You are here

Bar Council to tackle sexual harassment in chambers

Chambers must be compliant with relevant rules and better equipped to handle complaints

7 March 2016

Add comment

The Bar Council has stepped up its efforts to tackle sexual harassment in the barrister profession.

Inappropriate attitudes within the legal profession made headlines in 2015, following Lord Sumption's controversial remarks regarding women judges and barrister Charlotte Proudman's outing of sexist comments from a high-flying City solicitor on social media.

Last week, the Solicitors Disciplinary Tribunal (SDT) confirmed that there was a case for DLA partner Nicholas West to answer in relation to an allegation made by the Solicitors Regulation Authority (SRA).

West has been accused of exchanging sexist emails with one of his clients, the Premier League's chief executive, Richard Scudamore.

Ahead of International Women's Day, the Bar Council has issued new guidance aimed at ensuring chambers handle any allegation of harassment in the proper manner.

The guide, which is part of the council's practice and ethics hub, includes tips and case study scenarios, victim support information, and advice on encouraging self-reporting of sexual harassment to the Bar Standards Board (BSB).

The Bar Council says this is a step forward making chambers not only compliant with the relevant rules, but also better able to handle complaints as and when they arise.

Chantal-Aimée Doerries QC, chairman of the Bar, said: 'We have a clear road map on what Bar Council, as the profession's representative body, can do to better support barristers and it is time to take action. This guide is another step in a series of support tools that the Bar Council is leading on.'

Meanwhile, Fiona Jackson, vice-chair of the Bar Council's equality diversity and social mobility committee, said the latest guidance contributes to the Bar's wider aim of relegating 'residual pernicious sexual harassment' to the past and ensuring a level playing field in practice where 'all barristers can thrive and succeed to the highest levels'.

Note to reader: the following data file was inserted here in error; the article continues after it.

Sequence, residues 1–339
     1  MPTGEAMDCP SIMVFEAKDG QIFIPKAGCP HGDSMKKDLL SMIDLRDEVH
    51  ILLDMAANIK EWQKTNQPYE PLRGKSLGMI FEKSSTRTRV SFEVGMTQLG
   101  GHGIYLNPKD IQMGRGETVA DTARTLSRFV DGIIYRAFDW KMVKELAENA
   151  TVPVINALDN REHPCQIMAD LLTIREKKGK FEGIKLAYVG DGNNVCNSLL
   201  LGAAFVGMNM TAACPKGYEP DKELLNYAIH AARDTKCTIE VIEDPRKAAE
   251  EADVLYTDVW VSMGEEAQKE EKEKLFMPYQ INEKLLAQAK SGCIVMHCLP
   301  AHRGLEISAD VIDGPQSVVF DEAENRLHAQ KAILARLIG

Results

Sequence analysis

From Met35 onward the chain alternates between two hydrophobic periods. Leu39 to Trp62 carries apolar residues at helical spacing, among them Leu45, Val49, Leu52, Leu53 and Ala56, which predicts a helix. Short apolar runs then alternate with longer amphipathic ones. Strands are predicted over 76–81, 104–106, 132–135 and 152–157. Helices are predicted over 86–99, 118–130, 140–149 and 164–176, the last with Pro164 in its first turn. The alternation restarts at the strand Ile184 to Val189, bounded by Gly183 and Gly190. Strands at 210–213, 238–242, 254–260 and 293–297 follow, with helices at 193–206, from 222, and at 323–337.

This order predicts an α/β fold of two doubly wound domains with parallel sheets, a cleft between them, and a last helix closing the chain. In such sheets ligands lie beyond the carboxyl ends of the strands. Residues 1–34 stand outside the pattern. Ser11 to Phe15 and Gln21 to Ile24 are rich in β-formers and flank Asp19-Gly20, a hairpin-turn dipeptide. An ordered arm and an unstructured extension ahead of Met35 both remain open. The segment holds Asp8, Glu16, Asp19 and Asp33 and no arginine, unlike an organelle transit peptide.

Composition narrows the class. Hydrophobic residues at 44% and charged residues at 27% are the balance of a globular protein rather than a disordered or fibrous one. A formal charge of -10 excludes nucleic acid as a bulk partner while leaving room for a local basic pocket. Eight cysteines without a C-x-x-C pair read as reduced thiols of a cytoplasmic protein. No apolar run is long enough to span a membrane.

'Harassment should not be tolerated in any circumstances and that complaints should be taken seriously and echoes the Bar Council's ongoing commitment to protecting potentially more vulnerable members of chambers and ensuring that they feel supported when making complaints,' Jackson added.

The latest guidance from the Bar Council forms part of the response to its 2015 research, Snapshot: The Experience of Self-Employed Women at the Bar, which highlighted instances of unacceptable behaviour experienced by some barristers.

Reports of recent sexual harassment were found to be rare, while the most significant challenge for women was in avoiding being pushed into certain types of work and balancing career and caring responsibilities.

The findings suggested that women barristers now have a more positive experience in training and in their early years of practice than was historically the case. Those who had been in practice for some time did talk of a hostile working environment, inappropriate behaviours, and discrimination in the allocation of work when they began their legal careers.

A recent event held at international firm Allen & Overy heard from a panel of human rights lawyers on the challenges they face in private practice. The overwhelming consensus from the panel, and those delegates in attendance, was that legal stereotypes often dictate the careers of women lawyers.

Categorised in:

The Bar